When Mpumi Nobiva lost her dear mother to AIDS at the tender age of nine, she knew what heavy weight her feeble shoulders would be made to bear, though her heart ached, she kept faith and hoped for the best. She was left in the care of her grandmother, a domestic worker who struggled earnestly to make ends meet.
Despite the huge pressure and adversities she faced, Mpumi remained strong and fought to secure the life she envisioned. She knew how much her story would strengthen the hearts of many who face similar challenges, so she braced herself and faced life with audacity and hope; determined to tell her story whenever the opportunity presented itself.
Mpumi’s opportunity came four years later, when she was accepted to the inaugural class of the Oprah Winfrey Leadership Academy for Girls which opened in 2007 in Johannesburg, an opportunity which eventually carved out the track upon which the African eaglet thrives today.
“Mom Oprah has taught me how to stay rooted as a person and has exposed me to so many opportunities for which I am eternally grateful,” Mpumi says. “You can imagine the impact of the girls with the insight that’s passed onto them, going out into the universe.”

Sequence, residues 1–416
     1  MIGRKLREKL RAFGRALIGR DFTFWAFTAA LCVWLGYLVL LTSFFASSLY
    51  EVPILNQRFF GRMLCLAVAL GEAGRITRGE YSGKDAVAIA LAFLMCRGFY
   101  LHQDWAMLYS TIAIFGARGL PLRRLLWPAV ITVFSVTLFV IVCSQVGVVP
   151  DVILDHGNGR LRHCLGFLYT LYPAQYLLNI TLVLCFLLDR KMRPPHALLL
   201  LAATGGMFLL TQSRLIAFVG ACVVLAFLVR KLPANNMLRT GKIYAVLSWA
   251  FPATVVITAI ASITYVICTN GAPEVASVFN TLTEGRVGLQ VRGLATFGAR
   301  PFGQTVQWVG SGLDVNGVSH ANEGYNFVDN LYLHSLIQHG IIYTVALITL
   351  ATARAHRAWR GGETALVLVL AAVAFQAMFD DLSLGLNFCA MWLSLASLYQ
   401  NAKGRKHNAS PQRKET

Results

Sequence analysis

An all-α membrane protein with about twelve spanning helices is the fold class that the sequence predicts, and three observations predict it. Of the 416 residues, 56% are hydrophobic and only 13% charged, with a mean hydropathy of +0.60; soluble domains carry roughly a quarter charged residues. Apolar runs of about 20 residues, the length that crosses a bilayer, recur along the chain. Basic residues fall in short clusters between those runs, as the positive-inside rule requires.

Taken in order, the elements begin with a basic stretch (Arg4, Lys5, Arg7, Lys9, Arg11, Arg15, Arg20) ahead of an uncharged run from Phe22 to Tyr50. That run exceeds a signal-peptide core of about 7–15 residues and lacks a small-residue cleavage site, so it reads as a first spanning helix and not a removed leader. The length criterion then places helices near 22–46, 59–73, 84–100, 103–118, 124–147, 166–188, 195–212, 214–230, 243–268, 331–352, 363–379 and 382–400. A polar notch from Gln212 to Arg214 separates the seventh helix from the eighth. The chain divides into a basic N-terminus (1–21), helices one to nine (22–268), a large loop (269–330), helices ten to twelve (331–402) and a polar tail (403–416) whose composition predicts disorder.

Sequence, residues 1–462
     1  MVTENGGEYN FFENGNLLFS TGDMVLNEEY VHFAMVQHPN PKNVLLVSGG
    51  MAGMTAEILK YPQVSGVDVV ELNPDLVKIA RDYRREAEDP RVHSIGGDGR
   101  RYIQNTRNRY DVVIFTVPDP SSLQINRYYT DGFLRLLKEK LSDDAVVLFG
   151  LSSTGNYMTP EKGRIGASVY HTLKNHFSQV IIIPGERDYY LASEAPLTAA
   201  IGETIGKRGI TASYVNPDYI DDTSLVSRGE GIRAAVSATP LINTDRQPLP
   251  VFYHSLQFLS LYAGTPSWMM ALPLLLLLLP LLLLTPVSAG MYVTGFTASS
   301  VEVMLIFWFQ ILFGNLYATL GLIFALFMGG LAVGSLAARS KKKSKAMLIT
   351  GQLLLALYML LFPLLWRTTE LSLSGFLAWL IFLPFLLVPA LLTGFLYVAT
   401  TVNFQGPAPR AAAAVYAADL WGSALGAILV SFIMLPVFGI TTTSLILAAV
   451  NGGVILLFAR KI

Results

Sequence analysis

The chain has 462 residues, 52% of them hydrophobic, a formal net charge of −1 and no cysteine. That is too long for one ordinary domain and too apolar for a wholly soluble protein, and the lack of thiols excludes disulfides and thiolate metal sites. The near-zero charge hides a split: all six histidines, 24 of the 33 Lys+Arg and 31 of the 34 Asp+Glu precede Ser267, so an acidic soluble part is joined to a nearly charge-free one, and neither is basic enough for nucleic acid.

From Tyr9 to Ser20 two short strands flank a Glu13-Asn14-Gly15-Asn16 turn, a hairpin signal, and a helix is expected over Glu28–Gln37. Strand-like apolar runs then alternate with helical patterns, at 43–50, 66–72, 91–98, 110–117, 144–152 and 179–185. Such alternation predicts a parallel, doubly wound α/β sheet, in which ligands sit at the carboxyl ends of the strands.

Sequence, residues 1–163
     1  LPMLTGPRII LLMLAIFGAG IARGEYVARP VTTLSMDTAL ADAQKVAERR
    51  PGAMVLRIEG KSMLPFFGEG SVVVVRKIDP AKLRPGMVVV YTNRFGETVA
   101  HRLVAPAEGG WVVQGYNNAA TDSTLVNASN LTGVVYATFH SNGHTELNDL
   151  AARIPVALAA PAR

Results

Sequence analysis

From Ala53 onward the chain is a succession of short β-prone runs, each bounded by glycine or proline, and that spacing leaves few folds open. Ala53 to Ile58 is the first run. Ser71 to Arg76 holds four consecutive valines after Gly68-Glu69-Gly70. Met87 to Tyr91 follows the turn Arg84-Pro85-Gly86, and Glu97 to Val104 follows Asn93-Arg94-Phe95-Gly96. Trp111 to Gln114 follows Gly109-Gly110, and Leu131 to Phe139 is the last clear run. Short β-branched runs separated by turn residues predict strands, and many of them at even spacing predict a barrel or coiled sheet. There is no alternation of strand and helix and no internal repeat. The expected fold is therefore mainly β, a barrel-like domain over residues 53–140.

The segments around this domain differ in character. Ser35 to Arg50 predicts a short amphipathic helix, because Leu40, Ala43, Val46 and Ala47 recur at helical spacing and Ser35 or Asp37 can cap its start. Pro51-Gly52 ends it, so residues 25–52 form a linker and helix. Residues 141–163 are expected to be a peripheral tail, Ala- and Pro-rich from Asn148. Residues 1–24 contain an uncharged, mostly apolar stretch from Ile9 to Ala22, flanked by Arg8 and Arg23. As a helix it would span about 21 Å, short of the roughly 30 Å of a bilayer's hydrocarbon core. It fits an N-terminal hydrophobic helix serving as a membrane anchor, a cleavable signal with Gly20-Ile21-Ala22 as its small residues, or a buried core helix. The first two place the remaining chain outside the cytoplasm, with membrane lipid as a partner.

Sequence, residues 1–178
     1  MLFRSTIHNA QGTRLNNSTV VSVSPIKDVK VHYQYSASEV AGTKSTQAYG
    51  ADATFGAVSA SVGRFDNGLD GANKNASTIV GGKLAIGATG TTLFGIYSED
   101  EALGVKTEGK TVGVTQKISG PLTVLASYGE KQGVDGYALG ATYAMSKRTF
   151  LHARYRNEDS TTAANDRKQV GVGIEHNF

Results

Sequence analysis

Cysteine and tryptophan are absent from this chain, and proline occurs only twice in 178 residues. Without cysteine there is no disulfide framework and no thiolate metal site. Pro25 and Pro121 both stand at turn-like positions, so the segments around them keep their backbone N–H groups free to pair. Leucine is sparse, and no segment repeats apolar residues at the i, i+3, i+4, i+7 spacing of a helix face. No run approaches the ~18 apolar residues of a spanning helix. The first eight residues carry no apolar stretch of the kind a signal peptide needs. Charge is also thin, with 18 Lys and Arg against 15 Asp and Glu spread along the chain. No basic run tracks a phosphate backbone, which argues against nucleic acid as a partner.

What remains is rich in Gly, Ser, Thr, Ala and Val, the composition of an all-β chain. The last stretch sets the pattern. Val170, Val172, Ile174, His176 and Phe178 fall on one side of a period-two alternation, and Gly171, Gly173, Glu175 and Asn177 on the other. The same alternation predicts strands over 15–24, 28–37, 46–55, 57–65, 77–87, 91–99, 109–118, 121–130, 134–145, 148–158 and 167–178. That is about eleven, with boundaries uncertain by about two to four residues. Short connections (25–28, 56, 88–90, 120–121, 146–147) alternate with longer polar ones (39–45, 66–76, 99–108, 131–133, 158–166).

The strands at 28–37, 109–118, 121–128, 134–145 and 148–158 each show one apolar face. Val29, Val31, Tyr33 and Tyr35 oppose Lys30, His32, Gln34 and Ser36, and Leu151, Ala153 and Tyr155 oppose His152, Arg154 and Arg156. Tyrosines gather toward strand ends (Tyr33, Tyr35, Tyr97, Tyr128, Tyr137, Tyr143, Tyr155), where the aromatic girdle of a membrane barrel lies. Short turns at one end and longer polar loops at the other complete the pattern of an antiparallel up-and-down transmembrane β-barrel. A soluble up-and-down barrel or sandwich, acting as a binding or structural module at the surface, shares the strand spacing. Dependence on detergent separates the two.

She remembers how she was faced with loads of school work each day and encouraged to hone her public speaking skills. The days of hard work eventually paid off when she graduated top of her class in 2012. A feat which didn’t appear a surprise to Mpumi’s fans.
The young change maker has now proceeded to Johnson C. Smith University in west Charlotte, where she majors in interdisciplinary studies and works to actualize her creative ideas.
Prior to her academic sojourn, Mpumi (whose name means “success” in Zulu) was involved with a local non-profit social enterprise, Relate Bracelets. The group uses a simple concept to make lasting impact. The proceeds from the sale of small beaded bracelets, go towards youth and enterprise development initiatives; creating employment for more than 300 people, and to 65 South African causes.
The bracelets are strung together by seniors in Cape Town’s informal settlements, who are looking after their grandchildren and other children orphaned by HIV Aids and other circumstances. The seniors earn an income from threading long strands of beads and enjoy one another’s company.
Mpumi also has interests in politics and photography. She hopes to return to her community after her studies to create lasting change and help other girls reach their potentials.
“I could stay here in the States and be successful, make money for myself, but that would be failure,” she says. “I want to show other girls like me that you own your body, you own yourself, you own your own potential. If I can make a path for them, like one was made for me, how powerful would that be?”
Beaten but not defeated, the African princess is focused on her calling; brightening her corner and making impact.